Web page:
A WOMAN was jailed today after she fraudulently pocketed thousands of pounds in housing benefits – despite living in a house owned by her husband.
Zeba Sultana, who was sentenced to four months inside, was also ordered to pay Milton Keynes Council compensation of £15,700, as well as £3,000 in prosecution costs, when she appeared before Amersham Crown Court today.
The judge also warned that if she did not pay back the outstanding debt within five and a half months she would be facing a further jail sentence.
The court heard that she had claimed the benefits while living at an address in Duncombe Street, Bletchley, which was a property owned by her husband.
Over roughly a two-year period she claimed Housing Benefit worth £18,884.97 and Council Tax Benefit of £3,966.05.
The fraud came to light following a datamatch as a result of the National Fraud Initiative, which indicated that more people were living at the Duncombe Street property than had been declared to the local Council Tax Department.
Further checks were undertaken and on being interviewed in June 2010, Sultana stated that her husband owned the property, claiming that he had moved out in 2007.
She further claimed that she was advised to obtain benefits by her family. But she walked out midway through the interview after refusing to answer any further questions.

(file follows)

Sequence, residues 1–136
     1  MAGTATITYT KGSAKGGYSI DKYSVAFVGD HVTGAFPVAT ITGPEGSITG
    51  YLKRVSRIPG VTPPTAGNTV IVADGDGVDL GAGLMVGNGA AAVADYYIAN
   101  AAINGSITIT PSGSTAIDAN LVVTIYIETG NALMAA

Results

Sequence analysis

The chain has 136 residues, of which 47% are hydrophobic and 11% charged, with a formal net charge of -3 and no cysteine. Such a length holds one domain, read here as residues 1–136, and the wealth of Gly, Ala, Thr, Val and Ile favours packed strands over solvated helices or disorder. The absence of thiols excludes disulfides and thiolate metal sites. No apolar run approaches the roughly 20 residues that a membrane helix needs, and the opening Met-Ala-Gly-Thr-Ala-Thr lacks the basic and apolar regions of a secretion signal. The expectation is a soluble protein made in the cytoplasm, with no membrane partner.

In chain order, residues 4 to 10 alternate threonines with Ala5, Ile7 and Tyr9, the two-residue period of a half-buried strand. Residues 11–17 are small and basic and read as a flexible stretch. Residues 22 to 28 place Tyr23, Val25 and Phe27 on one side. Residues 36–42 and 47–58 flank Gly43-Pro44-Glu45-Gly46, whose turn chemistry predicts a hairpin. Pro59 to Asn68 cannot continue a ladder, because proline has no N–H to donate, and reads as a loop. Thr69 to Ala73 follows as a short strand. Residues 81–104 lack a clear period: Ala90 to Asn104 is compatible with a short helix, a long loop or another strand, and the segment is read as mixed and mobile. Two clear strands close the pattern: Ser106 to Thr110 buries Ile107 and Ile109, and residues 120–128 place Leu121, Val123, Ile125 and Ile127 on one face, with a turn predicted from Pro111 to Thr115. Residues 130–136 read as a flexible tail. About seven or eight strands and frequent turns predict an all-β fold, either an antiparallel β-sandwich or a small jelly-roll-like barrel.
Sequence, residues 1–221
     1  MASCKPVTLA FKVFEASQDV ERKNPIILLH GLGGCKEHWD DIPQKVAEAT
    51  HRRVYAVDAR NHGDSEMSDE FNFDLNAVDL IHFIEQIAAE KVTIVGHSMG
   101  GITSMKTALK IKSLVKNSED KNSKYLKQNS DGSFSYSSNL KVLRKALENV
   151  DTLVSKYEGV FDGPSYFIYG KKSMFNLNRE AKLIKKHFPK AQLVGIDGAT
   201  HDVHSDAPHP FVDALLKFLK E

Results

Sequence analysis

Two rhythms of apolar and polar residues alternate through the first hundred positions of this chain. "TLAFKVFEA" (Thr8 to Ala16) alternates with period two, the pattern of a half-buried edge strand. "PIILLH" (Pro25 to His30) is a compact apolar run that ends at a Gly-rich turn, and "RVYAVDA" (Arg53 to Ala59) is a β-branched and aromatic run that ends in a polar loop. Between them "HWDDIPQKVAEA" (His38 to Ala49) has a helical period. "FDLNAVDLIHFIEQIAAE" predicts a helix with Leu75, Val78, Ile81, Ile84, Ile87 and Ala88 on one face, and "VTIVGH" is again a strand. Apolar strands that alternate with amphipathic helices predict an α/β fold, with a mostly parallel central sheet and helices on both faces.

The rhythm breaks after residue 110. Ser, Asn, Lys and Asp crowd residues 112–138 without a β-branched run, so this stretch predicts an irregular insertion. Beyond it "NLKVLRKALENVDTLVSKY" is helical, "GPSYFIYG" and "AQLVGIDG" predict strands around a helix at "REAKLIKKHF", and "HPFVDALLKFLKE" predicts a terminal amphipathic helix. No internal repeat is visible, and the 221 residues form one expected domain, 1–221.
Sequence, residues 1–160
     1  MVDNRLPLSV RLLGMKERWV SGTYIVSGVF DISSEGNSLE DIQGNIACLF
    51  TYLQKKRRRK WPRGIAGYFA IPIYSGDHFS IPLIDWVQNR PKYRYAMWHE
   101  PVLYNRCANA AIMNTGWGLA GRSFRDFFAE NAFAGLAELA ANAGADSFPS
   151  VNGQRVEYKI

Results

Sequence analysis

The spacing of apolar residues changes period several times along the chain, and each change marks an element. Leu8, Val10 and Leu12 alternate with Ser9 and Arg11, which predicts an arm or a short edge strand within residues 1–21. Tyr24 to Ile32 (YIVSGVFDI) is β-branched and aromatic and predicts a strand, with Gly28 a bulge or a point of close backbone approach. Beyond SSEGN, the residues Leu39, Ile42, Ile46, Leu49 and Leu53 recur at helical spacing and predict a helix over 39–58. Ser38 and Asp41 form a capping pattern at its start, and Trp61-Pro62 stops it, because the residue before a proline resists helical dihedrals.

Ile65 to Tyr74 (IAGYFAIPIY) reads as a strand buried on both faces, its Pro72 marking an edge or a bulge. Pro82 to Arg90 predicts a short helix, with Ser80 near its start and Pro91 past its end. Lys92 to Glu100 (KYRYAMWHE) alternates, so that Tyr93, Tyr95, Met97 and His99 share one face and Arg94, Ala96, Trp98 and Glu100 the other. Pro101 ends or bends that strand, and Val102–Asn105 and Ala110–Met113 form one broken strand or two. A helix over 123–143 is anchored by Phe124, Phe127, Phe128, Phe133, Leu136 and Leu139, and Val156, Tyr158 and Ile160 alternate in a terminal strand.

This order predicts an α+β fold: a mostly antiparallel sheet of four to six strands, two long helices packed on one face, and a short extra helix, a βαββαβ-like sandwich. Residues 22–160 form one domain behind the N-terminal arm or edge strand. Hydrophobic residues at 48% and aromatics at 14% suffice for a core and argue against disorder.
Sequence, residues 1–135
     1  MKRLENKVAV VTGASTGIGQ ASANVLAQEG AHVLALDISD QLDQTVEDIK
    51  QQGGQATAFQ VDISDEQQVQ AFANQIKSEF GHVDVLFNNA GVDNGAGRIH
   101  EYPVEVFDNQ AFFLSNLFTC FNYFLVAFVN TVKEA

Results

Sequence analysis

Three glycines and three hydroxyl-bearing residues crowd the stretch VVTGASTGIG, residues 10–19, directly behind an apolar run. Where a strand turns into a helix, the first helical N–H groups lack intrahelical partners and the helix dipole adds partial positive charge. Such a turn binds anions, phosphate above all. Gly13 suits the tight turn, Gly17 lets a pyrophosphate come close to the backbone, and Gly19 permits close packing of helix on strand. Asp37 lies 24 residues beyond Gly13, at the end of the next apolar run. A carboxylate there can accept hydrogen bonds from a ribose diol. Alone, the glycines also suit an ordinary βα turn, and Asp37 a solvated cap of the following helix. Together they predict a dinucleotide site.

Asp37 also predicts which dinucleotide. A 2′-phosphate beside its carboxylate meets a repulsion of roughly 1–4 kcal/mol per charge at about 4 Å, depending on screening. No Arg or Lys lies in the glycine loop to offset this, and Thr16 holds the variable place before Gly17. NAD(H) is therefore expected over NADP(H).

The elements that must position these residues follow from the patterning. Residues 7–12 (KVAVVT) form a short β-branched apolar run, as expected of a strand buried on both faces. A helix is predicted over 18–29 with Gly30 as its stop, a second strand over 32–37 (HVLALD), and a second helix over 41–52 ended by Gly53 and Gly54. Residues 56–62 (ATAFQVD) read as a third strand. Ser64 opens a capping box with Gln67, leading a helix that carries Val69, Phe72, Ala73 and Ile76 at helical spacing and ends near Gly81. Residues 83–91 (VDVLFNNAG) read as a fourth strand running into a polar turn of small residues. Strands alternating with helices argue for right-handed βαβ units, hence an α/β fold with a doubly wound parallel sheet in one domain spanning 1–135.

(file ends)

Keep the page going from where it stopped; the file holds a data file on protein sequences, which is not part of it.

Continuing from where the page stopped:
She was originally summoned to appear at Milton Keynes Magistrates Court on January 13 but she elected to go to Crown Court.
At the first hearing at Aylesbury Crown Court on September 10 she pleaded guilty to four counts of benefit fraud, contrary to Section 111A of the Social Security Administration Act 1992.
Today she was sentenced to four months immediate imprisonment, as well as being ordered to pay back the outstanding benefits amount of £15,700.
The prosecution was brought by the Council’s Corporate Anti-Fraud Team team.
A spokesman said: “This was a clear case of dishonesty, whereby the perpetrator sought to defraud the public purse. Using various methods we were able to establish the true circumstances of the property ownership and connection to the benefit claimant.
“We hope that this case sends out the message that if you claim benefits to which you aren’t entitled, we will catch you and that you may go to prison.”